One of the most underrated business ideas in the 21st century is perhaps a stationery shop. Whether online or brick-and-mortar, a stationery store still rakes in the cash despite everything else going digital. And it makes sense: some people prefer working with their hands and some people prefer receiving gifts and cards that have a tactile aspect to it.
In short, a stationery business is never going to go out of style, but just because it’s lucrative doesn’t mean there aren’t things you need to consider when starting your own stationery store. Here are questions you should ask yourself if you’re thinking of breaking into the stationery game:
Reduce Your Operational Costs Through Outsourcing
As with most businesses, setting up a stationery store from home will drastically reduce your overheads. With the COVID-19 pandemic still ongoing in many major cities around the world, setting up a brick-and-mortar shop might not be the best idea at the moment. Our advice? Stick to a home-based venture and save yourself up to $4,000 a month in rental space (depending on which city you’re from).
It will also be best to consider outsourcing your production needs: it’s tempting to buy yourself a commercial hot foil stamp machine to create customized products, but purchasing, owning, and maintaining an industrial-sized machine is going to be an expensive (not to mention unnecessary) operational cost. If you have or want items that will require the use of a commercial hot foil stamp machine, contact a trusted production shop instead.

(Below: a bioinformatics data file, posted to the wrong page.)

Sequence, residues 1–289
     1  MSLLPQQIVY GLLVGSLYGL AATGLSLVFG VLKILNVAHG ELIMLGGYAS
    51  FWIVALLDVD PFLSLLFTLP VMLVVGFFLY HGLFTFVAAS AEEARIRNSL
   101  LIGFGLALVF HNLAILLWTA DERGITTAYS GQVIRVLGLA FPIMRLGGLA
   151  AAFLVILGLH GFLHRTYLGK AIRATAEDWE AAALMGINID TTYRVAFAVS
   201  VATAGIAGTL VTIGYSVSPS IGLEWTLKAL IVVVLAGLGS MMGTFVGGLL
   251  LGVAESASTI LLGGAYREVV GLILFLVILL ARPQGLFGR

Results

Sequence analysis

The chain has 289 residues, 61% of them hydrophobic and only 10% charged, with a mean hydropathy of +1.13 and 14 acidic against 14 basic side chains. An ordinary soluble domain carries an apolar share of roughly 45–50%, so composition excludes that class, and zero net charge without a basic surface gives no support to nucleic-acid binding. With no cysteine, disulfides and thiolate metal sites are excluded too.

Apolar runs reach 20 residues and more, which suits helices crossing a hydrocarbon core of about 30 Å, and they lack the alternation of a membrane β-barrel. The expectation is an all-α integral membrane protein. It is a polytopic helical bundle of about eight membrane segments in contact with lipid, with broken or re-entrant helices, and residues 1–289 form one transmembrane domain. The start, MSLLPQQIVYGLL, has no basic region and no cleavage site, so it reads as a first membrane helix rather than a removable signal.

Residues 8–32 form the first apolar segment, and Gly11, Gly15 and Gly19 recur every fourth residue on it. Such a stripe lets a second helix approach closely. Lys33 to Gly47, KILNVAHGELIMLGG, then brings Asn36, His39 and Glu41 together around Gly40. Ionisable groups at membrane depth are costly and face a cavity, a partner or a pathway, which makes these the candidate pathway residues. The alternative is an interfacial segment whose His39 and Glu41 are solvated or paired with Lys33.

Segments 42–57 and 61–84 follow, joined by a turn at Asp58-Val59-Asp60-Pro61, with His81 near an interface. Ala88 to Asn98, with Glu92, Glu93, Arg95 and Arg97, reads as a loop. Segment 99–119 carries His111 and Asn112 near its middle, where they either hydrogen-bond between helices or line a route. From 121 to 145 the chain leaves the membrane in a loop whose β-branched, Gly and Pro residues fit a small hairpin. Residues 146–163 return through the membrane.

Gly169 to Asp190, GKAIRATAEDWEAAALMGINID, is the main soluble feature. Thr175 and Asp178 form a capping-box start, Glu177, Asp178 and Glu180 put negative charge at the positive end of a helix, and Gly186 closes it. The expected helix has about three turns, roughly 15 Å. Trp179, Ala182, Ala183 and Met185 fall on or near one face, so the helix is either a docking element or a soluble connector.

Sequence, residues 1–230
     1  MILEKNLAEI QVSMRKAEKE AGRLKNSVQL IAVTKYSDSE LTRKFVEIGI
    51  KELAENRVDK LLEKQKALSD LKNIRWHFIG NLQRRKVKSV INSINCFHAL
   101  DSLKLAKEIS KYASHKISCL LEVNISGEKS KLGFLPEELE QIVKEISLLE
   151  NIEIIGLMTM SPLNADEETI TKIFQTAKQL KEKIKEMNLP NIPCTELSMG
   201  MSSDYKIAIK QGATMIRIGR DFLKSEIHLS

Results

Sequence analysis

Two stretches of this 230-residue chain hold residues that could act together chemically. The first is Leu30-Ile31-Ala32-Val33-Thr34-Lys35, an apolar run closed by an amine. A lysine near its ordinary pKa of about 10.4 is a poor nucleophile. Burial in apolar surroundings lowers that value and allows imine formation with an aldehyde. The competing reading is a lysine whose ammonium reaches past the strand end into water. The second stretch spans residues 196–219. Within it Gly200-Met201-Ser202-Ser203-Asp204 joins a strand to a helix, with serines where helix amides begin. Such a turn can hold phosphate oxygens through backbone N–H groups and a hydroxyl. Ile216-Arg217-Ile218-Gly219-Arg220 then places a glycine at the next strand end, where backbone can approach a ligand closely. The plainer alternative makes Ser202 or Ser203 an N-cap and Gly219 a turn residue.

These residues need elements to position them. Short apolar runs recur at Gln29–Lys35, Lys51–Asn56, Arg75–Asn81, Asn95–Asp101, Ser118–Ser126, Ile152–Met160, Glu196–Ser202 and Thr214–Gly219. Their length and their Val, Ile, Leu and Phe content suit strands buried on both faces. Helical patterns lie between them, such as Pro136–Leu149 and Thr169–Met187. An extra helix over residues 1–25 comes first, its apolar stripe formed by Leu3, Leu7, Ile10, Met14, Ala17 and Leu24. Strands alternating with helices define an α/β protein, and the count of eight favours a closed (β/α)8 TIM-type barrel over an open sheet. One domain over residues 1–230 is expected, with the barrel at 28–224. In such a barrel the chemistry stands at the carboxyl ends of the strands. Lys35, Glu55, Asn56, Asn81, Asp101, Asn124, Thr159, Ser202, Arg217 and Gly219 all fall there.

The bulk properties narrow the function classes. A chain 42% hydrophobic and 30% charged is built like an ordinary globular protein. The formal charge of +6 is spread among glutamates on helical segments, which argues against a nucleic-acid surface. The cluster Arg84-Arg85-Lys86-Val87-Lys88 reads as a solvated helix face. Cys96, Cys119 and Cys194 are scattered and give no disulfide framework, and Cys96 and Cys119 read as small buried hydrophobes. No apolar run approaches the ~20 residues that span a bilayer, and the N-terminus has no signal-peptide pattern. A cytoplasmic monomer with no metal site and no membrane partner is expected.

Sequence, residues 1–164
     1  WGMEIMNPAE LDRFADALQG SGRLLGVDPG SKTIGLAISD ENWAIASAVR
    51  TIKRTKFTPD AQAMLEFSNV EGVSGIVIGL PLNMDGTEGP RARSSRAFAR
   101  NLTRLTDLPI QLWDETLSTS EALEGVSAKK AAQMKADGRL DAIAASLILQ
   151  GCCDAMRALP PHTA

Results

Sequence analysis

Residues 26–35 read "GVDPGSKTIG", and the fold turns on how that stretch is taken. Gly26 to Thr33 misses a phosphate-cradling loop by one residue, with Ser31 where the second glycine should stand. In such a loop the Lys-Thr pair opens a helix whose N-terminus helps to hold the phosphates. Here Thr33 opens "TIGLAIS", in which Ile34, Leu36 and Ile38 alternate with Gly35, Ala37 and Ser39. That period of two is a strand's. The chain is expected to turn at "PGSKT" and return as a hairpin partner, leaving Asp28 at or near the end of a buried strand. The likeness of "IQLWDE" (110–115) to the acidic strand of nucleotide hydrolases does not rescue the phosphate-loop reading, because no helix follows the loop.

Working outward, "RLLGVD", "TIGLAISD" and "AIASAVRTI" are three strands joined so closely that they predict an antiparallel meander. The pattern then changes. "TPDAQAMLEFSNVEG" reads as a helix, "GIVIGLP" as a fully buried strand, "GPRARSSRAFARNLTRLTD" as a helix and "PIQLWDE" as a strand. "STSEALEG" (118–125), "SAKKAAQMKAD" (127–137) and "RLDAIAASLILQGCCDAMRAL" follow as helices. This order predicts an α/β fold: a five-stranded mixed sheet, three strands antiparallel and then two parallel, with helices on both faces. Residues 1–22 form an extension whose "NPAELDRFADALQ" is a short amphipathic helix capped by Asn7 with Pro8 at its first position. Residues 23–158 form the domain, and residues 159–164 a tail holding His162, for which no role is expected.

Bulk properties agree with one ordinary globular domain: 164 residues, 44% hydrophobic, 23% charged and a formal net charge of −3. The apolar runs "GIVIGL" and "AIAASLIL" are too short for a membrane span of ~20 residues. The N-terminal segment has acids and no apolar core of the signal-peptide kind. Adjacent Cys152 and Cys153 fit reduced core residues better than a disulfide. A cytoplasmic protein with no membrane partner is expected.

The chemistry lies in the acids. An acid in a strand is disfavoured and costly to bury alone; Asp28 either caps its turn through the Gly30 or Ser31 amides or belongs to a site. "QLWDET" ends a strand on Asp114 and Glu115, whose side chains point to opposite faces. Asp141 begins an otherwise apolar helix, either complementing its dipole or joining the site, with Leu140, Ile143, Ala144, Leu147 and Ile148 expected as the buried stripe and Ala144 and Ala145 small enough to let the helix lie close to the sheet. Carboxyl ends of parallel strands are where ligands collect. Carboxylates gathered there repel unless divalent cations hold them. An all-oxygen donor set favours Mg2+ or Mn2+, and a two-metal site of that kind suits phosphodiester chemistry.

If you’re going to have a home-based business, you’ll need to have a website that has e-commerce capabilities and tech support. Again, while these are things that you could do on your own, unless you already have a background in website design, coding, UI/UX, SEO, website hosting, etc., you’ll want to outsource these services as well.
What Recurring Expenses Should You Expect Once Your Business Grows?
Aside from your operational costs, most of your recurring expenses will be focused on paying for your stock and inventory: paper products, stationery materials, pens, pencils, and the like. Once your business starts expanding, you’ll want to look into storing large volumes of your products in a rental space like a small warehouse or a sizable garage. Delivery will also be something to consider; you’ll want to find a reputable delivery service that can deliver your products door-to-door consistently while keeping costs low.
Staffing is also going to be an expense to watch out for: as your business grows, operating it solely from your home might not be manageable anymore, and you’ll have to look into renting an office space or a brick-and-mortar location that can serve as your base of operations. But, take these into account only when you hit your initial ROI (return of investment) and you have extra money to invest back into your business (which you should).
Stationery Business: The Bottom Line
Done and marketed well, a stationery business can generate around $22,000 annually, with the option of growing that further by expanding your products and your customer base. Of course, that last bit is really up to you and your business savvy.